Researchers at Johns Hopkins have color-coded cells in female mice to display which of their two X chromosomes has been "silenced."
Scientists have long known that the silencing of one X chromosome in females — who have two X chromosomes in every cell — is a normal occurrence whose consequences can be significant, especially if one X chromosome carries a normal copy of a gene and the other X chromosome carries a mutated copy.
By genetically tagging different X chromosomes with genes that code for red or green fluorescent proteins, scientists say they can now peer into different tissue types to analyze genetic diversity within and between individual females at a new level of detail.
Published on Jan. 8 in the journal Neuron
, a summary of the research shows wide-ranging variation in patterns of so-called X chromosome inactivation at every level: within tissues, on the left or right sides of a centrally located tissue (like the brain), among different tissue types, between paired organs (like the eyes) and among individuals.
"Calico cats, which are only ever female, have mottled coat colors. They have two different versions of a gene for coat color, which is located on the X chromosome: one version from their mother and the other from their father," explains Jeremy Nathans, M.D., Ph.D., professor of molecular biology and genetics at the Johns Hopkins University and a Howard Hughes Medical Institute investigator. "Their fur is orange or black depending on which X chromosome is silenced in a particular patch of skin cells. X chromosome inactivation actually occurs in all cells in female mammals, including humans, and it affects most of the genes on the X chromosome. Although this phenomenon has been known for over 50 years, it couldn't be clearly visualized in internal organs and tissues until now."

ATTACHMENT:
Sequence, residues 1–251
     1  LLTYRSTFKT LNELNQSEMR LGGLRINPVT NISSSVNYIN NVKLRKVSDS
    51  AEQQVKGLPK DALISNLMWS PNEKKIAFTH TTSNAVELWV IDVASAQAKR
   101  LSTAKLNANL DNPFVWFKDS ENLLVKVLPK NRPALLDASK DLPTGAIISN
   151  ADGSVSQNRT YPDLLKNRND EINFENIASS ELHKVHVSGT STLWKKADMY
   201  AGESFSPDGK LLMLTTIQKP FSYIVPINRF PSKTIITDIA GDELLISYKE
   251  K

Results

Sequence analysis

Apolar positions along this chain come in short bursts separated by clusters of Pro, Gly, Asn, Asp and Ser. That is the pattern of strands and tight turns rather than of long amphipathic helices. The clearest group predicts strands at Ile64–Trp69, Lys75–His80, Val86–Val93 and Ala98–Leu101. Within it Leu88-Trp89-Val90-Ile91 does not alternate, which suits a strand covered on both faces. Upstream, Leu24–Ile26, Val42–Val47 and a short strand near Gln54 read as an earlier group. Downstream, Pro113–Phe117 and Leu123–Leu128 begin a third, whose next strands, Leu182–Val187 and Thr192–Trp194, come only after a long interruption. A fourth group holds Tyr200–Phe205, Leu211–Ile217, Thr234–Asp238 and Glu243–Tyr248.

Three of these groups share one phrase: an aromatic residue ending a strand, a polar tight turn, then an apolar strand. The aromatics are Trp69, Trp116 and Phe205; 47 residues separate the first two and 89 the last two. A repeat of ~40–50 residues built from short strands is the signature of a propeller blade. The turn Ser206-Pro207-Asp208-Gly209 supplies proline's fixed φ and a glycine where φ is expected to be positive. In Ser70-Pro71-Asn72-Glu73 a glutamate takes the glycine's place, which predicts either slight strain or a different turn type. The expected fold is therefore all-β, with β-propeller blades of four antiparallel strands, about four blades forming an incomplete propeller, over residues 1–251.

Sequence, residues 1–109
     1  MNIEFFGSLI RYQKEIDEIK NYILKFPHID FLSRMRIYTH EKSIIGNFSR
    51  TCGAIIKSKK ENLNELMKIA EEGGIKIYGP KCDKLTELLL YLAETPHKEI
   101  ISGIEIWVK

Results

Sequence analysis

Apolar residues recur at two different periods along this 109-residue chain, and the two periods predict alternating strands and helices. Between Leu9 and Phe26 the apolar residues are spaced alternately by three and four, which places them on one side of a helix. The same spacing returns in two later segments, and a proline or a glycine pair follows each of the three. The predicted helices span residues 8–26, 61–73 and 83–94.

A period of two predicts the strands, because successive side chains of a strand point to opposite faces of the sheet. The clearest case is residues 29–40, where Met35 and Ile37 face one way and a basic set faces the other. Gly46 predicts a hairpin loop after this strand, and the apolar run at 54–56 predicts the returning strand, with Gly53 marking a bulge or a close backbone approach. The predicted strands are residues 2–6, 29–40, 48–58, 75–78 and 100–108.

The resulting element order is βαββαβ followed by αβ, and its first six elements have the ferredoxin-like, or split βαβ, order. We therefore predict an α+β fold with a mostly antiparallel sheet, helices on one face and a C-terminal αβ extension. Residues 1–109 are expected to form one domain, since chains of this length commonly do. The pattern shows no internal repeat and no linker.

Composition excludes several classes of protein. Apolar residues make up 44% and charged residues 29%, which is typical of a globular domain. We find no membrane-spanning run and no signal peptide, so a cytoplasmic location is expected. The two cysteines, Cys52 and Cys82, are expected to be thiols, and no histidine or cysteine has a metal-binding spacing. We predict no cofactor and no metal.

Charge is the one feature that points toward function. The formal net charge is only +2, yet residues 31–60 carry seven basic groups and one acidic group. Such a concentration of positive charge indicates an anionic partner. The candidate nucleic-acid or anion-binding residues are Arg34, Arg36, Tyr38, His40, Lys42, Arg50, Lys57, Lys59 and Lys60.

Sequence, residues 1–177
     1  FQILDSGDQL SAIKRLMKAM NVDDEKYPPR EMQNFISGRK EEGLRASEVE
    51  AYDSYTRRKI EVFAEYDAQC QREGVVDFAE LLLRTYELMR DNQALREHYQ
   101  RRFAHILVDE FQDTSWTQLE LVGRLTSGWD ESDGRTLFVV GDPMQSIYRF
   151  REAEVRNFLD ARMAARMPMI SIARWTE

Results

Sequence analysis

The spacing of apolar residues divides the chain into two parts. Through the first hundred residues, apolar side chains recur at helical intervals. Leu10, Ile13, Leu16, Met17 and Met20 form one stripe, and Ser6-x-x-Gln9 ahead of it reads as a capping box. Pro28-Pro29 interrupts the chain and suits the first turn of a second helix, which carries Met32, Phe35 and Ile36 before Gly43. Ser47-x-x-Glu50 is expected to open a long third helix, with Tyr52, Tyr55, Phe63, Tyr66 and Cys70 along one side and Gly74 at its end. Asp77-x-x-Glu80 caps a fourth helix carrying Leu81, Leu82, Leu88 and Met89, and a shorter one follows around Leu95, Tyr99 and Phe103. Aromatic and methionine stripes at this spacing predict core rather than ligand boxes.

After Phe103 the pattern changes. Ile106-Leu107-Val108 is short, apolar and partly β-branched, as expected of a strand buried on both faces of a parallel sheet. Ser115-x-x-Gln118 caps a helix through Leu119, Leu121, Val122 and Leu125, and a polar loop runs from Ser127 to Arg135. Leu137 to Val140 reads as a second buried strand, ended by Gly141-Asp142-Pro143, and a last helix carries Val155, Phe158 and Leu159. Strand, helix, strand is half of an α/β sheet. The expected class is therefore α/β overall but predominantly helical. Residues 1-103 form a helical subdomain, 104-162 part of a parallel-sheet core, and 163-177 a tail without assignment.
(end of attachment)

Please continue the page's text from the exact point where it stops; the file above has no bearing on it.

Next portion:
Nathans adds that early in the development of most mammals, when a female embryo has only about 1,000 cells, each cell makes a "decision" to inactivate one of the two X chromosomes, a process that silences most of the genes on that chromosome. The choice of which X chromosome to inactivate appears to be random, but when those cells divide, their descendants maintain that initial decision.
In the new research, the Johns Hopkins team mated female mice carrying two copies of the gene for green fluorescent protein — one on each of the two X chromosomes — with male mice whose single X chromosome carried the gene for a red fluorescent protein. The female offspring from this mating had cells that glowed red or green based on which X chromosome was silenced. Additionally, the team engineered the mice so that not all of their cells were color-coded, since that would make it hard to distinguish one cell from another. Instead, they designed a system that allowed a single cell type in each mouse, such as heart muscle cells, to be color-coded. Their genetic trick resulted in red and green color maps with distinctive patterns for each cell and tissue type that they examined.